A new lower-limb prosthetic developed at Vanderbilt University allows amputees to walk without the leg-dragging gait characteristic of conventional artificial legs.
The device uses the latest advances in computer, sensor, electric motor and battery technology to give it bionic capabilities: It is the first prosthetic with powered knee and ankle joints that operate in unison. It comes equipped with sensors that monitor its user's motion. It has microprocessors programmed to use this data to predict what the person is trying to do and operate the device in ways that facilitate these movements.
"When its working, it's totally different from my current prosthetic," said Craig Hutto, the 23-year-old amputee who has been testing the leg for several years. "A passive leg is always a step behind me. The Vanderbilt leg is only a split-second behind."
The bionic leg is the result of a seven-year research effort at the Vanderbilt Center for Intelligent Mechatronics, directed by Michael Goldfarb, the H. Fort Flowers Professor of Mechanical Engineering. The project was initially funded by a seed grant from the National Science Foundation, followed by a development grant from the National Institutes of Health. Key aspects of the design have been patented by the university, which has granted exclusive rights to develop the prosthesis to Freedom Innovations, a leading developer and manufacturer of lower limb prosthetic devices.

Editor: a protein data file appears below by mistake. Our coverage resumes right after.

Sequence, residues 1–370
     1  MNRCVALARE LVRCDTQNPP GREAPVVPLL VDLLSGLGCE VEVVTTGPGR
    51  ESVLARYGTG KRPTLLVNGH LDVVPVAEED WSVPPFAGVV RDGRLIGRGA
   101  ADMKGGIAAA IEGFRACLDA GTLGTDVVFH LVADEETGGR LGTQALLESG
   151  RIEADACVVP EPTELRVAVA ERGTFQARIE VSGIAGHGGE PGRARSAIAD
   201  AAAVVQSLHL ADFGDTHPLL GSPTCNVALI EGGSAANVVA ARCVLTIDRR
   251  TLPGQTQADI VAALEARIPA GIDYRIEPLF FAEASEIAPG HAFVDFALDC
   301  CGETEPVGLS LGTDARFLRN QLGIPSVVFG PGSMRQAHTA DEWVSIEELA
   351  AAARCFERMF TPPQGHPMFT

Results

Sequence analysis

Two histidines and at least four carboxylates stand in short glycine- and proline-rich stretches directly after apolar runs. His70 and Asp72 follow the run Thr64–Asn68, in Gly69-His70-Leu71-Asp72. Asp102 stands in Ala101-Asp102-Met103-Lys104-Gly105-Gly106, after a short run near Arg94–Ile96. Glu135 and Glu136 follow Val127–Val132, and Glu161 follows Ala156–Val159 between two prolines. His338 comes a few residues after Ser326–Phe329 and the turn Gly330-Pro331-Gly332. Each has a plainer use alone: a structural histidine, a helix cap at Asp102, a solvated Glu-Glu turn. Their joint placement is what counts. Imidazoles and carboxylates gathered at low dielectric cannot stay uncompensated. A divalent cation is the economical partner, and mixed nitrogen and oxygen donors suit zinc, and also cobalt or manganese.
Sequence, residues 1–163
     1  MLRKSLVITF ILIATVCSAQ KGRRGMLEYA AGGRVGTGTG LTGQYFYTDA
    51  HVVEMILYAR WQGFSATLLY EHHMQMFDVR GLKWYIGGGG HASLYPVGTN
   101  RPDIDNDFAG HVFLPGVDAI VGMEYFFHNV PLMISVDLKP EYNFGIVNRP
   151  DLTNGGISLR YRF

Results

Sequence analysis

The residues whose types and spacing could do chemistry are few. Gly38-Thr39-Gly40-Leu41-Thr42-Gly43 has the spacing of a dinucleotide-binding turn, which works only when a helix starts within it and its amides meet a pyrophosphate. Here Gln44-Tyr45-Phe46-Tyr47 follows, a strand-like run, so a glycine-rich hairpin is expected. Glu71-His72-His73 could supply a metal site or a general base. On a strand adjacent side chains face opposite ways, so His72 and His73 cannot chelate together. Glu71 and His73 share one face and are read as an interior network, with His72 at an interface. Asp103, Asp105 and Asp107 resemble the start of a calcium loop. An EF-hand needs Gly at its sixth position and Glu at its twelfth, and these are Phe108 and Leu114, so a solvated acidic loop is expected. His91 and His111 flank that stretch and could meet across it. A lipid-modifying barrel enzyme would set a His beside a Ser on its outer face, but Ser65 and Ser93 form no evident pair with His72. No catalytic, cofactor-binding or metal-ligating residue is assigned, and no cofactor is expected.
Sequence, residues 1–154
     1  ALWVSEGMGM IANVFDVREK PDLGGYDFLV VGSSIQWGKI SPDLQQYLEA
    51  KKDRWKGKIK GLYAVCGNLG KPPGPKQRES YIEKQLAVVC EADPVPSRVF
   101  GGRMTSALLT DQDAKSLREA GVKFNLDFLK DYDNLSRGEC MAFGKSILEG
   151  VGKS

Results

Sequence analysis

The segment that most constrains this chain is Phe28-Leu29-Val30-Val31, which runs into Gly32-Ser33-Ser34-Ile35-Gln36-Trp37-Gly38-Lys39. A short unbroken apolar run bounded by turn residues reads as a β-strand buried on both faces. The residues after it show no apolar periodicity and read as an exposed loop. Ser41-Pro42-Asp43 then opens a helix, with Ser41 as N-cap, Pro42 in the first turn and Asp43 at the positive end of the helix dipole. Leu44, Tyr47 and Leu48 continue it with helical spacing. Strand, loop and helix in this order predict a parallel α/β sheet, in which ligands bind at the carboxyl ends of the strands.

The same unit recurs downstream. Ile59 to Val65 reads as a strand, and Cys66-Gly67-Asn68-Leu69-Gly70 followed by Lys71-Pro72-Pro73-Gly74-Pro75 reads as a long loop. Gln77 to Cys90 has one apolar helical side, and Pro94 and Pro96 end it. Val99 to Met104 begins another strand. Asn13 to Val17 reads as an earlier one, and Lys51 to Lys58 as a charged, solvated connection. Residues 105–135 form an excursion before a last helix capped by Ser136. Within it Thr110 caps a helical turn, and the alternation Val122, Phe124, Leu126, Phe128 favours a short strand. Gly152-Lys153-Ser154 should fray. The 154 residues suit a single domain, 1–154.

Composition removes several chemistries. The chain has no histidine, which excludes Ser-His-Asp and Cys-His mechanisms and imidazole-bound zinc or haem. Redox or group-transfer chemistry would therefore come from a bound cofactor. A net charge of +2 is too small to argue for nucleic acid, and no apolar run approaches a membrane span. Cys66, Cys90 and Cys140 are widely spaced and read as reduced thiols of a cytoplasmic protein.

"With out latest model, we have validated our hypothesis that the right technology was available to make a lower-limb prosthetic with powered knee and ankle joints," said Goldfarb. "Our device illustrates the progress we are making at integrating man and machine."
The Vanderbilt prosthesis is designed for daily life. It makes it substantially easier for an amputee to walk, sit, stand, and go up and down stairs and ramps. Studies have shown that users equipped with the device naturally walk 25 percent faster on level surfaces
|Contact: David Salisbury|